Only in Silicon Valley could a CEO get away talking about their brand “kicking ass”, but Yahoo’s in Silicon Valley and Carol Bartz is their new tough talking CEO, who today wrote in Yahoo’s official blog “Yahoo Anecdotal” that Yahoo is “Getting our house in order“. Among other thing Bartz says she is :
….rolling out a new management structure that I believe will make Yahoo! a lot faster on its feet. For us working at Yahoo!, it means everything gets simpler. We’ll be able to make speedier decisions, the notorious silos are gone, and we have a renewed focus on the customer. For you using Yahoo! every day, it will better enable us to deliver products that make you say, “Wow.”
When former Yahoo CEO and co-founder Jerry Yang (Yahoo was co-founded with David Filo) left the company a few months ago Carol Bartz stepped in aggressively, presumably tasked by Yahoo’s board to either turn the company around or prepare for a sale of Yahoo Search, or perhaps even the entire company, to Microsoft.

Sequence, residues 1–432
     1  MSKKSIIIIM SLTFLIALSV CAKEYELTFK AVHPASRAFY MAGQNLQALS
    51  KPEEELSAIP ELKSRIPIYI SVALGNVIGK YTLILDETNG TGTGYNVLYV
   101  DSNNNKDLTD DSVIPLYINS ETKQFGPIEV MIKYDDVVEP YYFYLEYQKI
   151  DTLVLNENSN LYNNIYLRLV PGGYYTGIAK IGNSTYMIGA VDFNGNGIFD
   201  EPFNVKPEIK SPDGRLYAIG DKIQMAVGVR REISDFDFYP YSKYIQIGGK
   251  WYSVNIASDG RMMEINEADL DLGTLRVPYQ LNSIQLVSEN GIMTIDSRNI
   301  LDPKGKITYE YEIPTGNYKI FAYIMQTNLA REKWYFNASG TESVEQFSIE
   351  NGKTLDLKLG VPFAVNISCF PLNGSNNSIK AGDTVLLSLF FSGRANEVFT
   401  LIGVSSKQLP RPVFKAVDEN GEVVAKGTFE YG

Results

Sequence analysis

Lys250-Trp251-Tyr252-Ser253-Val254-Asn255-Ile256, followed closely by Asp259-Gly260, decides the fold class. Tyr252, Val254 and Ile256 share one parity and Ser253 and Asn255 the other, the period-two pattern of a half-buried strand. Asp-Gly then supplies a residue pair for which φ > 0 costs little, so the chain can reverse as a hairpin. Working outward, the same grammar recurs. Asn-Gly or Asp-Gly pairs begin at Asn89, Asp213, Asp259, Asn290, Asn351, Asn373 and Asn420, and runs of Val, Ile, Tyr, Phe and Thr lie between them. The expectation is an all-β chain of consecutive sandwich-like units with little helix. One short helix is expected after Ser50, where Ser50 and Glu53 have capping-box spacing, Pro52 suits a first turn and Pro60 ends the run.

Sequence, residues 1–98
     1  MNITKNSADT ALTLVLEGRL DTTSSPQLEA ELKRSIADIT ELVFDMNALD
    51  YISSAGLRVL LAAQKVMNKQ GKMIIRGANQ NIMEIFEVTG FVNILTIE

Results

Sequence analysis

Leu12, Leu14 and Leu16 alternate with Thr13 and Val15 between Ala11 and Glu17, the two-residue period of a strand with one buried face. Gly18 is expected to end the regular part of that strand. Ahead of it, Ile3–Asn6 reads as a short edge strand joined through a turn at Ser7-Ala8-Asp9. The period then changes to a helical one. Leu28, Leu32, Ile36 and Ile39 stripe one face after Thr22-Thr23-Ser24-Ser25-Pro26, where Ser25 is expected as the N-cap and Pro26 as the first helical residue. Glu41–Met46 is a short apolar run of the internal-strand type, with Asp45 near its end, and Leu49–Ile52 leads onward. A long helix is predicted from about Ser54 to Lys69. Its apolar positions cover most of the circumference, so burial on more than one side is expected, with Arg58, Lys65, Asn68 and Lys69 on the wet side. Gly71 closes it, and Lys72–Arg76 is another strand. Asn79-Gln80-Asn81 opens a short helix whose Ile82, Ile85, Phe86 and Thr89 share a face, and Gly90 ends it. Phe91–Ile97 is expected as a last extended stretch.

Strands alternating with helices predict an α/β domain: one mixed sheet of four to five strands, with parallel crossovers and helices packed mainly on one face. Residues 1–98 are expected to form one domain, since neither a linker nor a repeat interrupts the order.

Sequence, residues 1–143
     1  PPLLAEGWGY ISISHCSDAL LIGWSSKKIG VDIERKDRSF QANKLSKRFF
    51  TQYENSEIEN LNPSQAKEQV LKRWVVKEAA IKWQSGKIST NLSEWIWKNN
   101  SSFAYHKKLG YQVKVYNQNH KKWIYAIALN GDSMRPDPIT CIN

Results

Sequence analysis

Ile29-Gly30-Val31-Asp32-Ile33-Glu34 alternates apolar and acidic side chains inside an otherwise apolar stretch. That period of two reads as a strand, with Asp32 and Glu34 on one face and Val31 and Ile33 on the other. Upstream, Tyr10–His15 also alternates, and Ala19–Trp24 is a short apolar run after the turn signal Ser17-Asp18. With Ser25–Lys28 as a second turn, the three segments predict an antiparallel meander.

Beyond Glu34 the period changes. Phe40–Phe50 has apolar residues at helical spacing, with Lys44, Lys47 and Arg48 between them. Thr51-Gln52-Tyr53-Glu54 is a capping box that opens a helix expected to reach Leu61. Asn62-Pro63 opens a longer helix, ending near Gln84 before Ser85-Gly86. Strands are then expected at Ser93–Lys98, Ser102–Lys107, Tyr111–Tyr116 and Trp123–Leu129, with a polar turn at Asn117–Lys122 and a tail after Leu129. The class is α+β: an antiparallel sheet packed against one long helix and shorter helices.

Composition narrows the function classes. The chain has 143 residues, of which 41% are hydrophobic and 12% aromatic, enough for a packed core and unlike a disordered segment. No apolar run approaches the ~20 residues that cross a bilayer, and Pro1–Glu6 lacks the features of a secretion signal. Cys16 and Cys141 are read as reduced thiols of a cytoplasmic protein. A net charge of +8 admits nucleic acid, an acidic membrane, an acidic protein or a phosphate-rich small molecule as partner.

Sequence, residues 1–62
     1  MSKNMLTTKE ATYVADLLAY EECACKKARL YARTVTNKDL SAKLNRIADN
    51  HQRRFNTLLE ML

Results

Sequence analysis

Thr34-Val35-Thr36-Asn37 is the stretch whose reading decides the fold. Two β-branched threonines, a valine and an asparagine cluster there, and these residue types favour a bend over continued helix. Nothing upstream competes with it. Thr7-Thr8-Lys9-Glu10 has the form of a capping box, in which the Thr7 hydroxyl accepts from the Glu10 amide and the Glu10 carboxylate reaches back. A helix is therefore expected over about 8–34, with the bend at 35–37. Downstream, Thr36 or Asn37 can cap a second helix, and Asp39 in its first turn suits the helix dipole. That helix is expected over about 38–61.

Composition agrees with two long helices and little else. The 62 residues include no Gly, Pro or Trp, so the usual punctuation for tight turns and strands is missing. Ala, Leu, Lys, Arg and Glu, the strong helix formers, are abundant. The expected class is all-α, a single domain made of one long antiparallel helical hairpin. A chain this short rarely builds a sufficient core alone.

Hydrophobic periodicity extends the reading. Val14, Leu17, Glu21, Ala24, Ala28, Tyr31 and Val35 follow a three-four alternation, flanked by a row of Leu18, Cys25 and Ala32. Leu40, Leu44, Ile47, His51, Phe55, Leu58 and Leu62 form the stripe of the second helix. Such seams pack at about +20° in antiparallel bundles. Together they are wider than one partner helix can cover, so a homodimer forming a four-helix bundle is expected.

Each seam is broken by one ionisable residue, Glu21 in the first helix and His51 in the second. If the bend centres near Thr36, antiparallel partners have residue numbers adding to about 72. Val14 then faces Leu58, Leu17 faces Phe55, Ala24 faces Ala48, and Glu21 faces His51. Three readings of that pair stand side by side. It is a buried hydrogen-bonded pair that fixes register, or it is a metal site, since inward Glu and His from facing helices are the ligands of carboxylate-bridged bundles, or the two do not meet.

Given that turning Yahoo around is considered by most to be extremely challenging and long term, I think we should assume Bartz is working the Microsoft sales angle even though much of the tough talk is more along today’s lines of restoring the second most recognizable internet brand to at least a shadow of Yahoo’s former glory. Note though that even assuming a sale to MIcrosoft is in the goal, it’s probably in Yahoo shareholder’s best interests for Bartz to talk and work towards shoring up the brand, hoping to encourage Microsoft to offer more of a premium over the current share price than they might if they knew a deal was inevitable.
We can get some insight into what Carl Icahn – one of Yahoo’s largest shareholders and board members - is looking for in this deal thanks to this excellent report on his stock holdings and pricing. With an average share price is in the neighborhood of $20-25, I would argue that Icahn wants Microsoft to come in somewhere north of that for him to agree to a sale. Microsoft offered $31 officially last year before the stock meltdown and most fell they would have paid about $34, but clearly that deal is long off the table. However given Microsoft’s lackluster online performance and the chance for a crack at Google’s dominance, look for Microsoft to make an offer soon. Look for Yahoo to probably take it.
DISCLOSURE: Technology Reporter Joe Hunkins is long on YHOO